An argument is the attempt to convince someone of the reasonableness of a certain proposition. Usually, an argument has a claim or idea and then provides evidence to support that idea. There are two types of arguments including formal and informal arguments. An informal argument is more or less the everyday sense of arguments, which involves disagreements or verbal fights. On the other hand, formal arguments are more structured like academic arguments, which put more focus on written text, especially in academic settings.
What Are Everyday Arguments?
Typically, everyday arguments are verbal disputes characterized by opponents trying to prove each other wrong. It is commonplace to find people disagreeing with one another over issues regardless of how serious they are. People disagree over political affiliations, or one may find spouses arguing over who picks the kids from school. Everyday arguments are mostly emotional outbursts, rants, or differing opinions. There are minimal communication and listening skills employed and the opponents put in little effort to comprehend the conflicting ideologies. This scenario is much more competitive with each opponent trying to prove that their opinion is superior. Everyday arguments differ from the well-structured and perfectly-researched formal, academic arguments.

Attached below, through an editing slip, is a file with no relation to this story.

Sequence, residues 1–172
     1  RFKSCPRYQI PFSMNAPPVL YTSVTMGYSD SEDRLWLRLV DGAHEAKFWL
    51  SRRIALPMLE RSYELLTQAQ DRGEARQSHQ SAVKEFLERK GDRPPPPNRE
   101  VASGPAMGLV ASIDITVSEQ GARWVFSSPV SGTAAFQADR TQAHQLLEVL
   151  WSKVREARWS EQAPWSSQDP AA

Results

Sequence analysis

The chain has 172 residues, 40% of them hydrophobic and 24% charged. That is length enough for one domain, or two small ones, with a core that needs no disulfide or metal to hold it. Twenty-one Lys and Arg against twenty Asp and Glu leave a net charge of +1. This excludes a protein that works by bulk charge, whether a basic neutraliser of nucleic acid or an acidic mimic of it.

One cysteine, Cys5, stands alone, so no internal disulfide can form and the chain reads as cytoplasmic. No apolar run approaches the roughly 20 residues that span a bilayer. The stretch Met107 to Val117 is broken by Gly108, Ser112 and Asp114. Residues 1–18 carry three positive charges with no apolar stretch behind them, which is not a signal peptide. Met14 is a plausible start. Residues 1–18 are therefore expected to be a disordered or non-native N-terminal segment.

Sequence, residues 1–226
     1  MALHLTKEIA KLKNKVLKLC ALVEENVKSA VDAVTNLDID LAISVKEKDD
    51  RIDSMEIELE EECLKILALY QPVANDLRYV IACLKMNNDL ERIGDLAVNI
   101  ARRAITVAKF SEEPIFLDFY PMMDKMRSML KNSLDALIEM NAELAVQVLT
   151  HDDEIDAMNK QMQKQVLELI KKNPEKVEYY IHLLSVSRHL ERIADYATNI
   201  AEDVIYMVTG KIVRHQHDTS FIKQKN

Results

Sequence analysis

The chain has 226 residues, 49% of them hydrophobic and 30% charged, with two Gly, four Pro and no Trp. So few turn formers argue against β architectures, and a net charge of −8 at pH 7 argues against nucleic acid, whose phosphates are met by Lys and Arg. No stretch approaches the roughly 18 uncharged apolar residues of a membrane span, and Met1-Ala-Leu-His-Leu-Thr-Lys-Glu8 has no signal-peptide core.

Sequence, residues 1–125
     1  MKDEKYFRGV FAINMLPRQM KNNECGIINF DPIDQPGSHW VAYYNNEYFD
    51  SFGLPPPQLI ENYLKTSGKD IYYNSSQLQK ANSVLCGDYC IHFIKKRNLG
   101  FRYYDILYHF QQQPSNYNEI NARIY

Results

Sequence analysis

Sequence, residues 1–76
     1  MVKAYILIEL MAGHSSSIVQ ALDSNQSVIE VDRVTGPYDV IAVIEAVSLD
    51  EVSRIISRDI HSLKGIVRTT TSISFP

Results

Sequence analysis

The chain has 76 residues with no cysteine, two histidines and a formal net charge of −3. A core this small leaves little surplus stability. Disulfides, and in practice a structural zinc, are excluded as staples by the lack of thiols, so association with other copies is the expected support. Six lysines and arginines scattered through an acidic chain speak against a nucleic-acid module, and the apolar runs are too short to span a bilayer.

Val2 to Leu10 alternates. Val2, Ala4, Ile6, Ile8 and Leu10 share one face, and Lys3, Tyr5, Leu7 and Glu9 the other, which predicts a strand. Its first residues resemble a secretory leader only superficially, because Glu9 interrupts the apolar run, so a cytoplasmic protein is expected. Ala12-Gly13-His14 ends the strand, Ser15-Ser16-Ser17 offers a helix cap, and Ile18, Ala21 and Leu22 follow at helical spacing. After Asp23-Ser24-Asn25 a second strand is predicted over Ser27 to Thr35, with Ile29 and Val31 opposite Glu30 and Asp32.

What Are Academic Arguments?
In academic arguments, it is all about making a debatable position seem acceptable or reasonable, thereby making other people see the wisdom of a perspective. It has very clear guiding premises and conclusions, and there is quality evidence to support a claim. Thus, it has nothing to do with attacking or criticizing others. While respecting everybody else's opinion, an academic argument explores vast evidence but still welcoming to the idea of questioning one's current perspective. Academic arguments deal with complex issues and usually cover a wider audience. The audience focuses on logic rather than emotion. One might argue that they are the same thing, after all, there is an idea or a claim where one provides supportive evidence whether verbally or in written format. All that is true, but an everyday argument is more of a verbal fight where one opponent really wants to defeat the other while the academic argument is structured, detailed, well-researched, and does not necessarily base on an individual's opinion. There are enough supporting data, reasons, statistics, and evidence meant to persuade informal arguments.
While the two types of argument emanate from the same basis, they have lots of differences in their structures, presentation, and motivation. Everyday arguments are about shoving your opinion into other people's throats and verbally attacking them until you win. However, academic arguments are more persuasive, backed by quality, robust, and poignant evidence with the ultimate goal of convincing the audience to adopt a new perspective.
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